Mood and Performance Optimization with Rhodiola and Saffron
Share this post
Rhodiola and/or saffron may be just what you need to enhance mood, energy, and sexual function
As the summer dwindles and darkness approaches, many of us are looking for things to help sustain us through the darker days and cooler weather. Whether we struggle with energy, mood, or simply just a lack of outdoor activities and motivation when darkness exceeds daylight, it tends to be a time where we are looking for something “more.” Often, there are nutritional deficiencies that may be contributing to a wide array of symptoms such as these that we far too quickly deem “the winter doldrums,” or clinically, as seasonal affective disorder. In addition to vitamin D, magnesium and the B vitamins B12, B6, and folate are essential nutrients that many individuals experience a deficiency of that also can contribute to symptoms of fatigue, depression, or anxiety. ,,,,,,,,
In addition to addressing nutritional deficiencies that may lead to dysfunction, botanical medicine is often “where it’s at” when addressing a larger scope of problems that have related underpinnings. Botanicals have numerous active constituents leading to the wide array of applications we find when we study their traditional use. Nowadays, botanical extracts are standardized to certain constituents that have been shown to mediate these effects, such that we can better research and apply them clinically. However, despite this standardization, they still contain substantial amounts of other bioactive principles, phytonutrients, and antioxidants which lead to their broad scope of action. Two botanicals that offer an array of benefits with regards to mood and physical function are rhodiola and saffron, discussed at length herein.
Rhodiola: the golden root
Rhodiola (Rhodiola rosea), commonly known as golden or artic root, is an adaptogenic herb with a long history of use in Russia and Eastern Europe, where it grows in high mountainous regions. Rhodiola is revered for its ability to increase the resistance to physical, chemical, and biological stressors. It was reviewed in the Annual Review of Pharmacology as early as 1969, and now has an abundance of data that supports its reputation of improving physical and mental capabilities with acute or prolonged administration.
Rhodiola has been shown in clinical studies to positively impact mental health in settings ranging from “burnout,” which we all experience from time to time, to major depression, which some of us unfortunately also encounter.
Improved endurance exercise performance,, reduced lactate levels and markers of skeletal muscle damage after exhaustive exercise, and increased antioxidant capacity have all been seen in clinical studies investigating rhodiola’s impact on physical performance. Because rhodiola is an herb found at high altitude, it is perhaps not surprising that some of its demonstrated benefits are also related to this setting, with improvements in sleep quality at altitude in humans and improved altitude adaptation in animals being additional observations of scientific studies. A reduction of psychic and physical fatigue and enhanced mental performance in stress-related settings have also been demonstrated in humans with standardized extracts of rhodiola.,,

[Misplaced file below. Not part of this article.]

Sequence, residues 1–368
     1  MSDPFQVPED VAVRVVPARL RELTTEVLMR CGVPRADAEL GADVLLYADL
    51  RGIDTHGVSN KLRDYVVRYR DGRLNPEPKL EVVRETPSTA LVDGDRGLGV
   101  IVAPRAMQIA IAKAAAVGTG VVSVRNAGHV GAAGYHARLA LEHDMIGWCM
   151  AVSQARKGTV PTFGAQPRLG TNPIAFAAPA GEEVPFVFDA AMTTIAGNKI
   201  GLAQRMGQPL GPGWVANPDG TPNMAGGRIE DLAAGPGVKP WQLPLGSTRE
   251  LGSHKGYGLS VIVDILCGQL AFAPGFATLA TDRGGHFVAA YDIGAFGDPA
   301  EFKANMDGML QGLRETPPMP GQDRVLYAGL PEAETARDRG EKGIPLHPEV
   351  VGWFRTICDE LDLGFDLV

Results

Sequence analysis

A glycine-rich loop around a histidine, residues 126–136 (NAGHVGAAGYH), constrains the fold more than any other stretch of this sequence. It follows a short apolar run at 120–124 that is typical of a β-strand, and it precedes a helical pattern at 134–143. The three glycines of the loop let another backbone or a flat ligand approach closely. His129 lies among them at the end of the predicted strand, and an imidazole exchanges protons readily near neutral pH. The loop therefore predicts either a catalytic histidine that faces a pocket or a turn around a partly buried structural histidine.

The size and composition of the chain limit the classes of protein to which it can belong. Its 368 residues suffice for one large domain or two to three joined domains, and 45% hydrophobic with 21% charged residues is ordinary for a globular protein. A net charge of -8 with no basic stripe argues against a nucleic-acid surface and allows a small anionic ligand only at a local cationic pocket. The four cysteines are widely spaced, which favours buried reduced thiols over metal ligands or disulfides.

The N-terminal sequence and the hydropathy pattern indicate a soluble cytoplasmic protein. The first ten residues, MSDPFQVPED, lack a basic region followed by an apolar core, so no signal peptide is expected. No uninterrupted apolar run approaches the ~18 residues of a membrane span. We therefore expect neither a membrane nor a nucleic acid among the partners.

Rhodiola has been shown in clinical studies to positively impact mental health in settings ranging from “burnout,” which we all experience from time to time, to major depression, which some of us unfortunately also encounter. The active constituents found in rhodiola have been shown to impact the levels and transport of neurotransmitters in the brain, in part by acting as an inhibitor of the enzyme monoamine oxidase (MAO)-A which breaks down serotonin, norepinephrine, and epinephrine.,,,
In mildly anxious individuals, 200 mg of a rhodiola extract taken twice daily was shown to significantly reduce self-reported anxiety, stress, anger, confusion, and depression compared to placebo after supplementation for two weeks. Similar results were observed in a pilot study of individuals with a diagnosis of generalized anxiety disorder, where supplementation of 340 mg of a standardized rhodiola extract daily for 10 weeks significantly decreased anxiety scores. In depressed individuals, the same amount taken once or twice daily decreased overall depressive symptoms, emotional instability, insomnia, and somatization., In a study comparing rhodiola to placebo as well as a common antidepressant medication, although the odds of improvement with the medication were slightly greater, there was approximately twice as many adverse events in those treated with the medication. Adverse events experienced with rhodiola were generally mild and included nervousness and dizziness, while individuals taking the medication reported sexual dysfunction, nausea, palpitations, insomnia, fatigue, and gastrointestinal disturbances.
Because of its effects on neurotransmitter balance, and its observed action as a mild stimulant, rhodiola should be used with caution with medications that impact serotonin and in those with bipolar disorder, as manic episodes may be triggered with the use of antidepressants or stimulants., Additionally, rhodiola should not be taken later in the day due to possible adverse effects it may have on sleep.
Saffron: red gold for mood and sexual health?
Saffron (Crocus sativus) has long been a revered and expensive botanical. Known as “red gold,” this valuable spice and medicinal botanical is from the stigma of the plant, hand-harvested from the flower, primarily in Iran and surrounding regions. With approximately 200,000 strands of saffron per pound, it shouldn’t be surprising that a small volume of the herb obtained from such a labor-intensive process would be quite expensive – reputedly costing somewhere between $11 to $35 per gram at local markets in regions where it is harvested.
Daily supplementation of a saffron extract also has been observed to significantly improve mood and overall symptoms in women with premenstrual syndrome.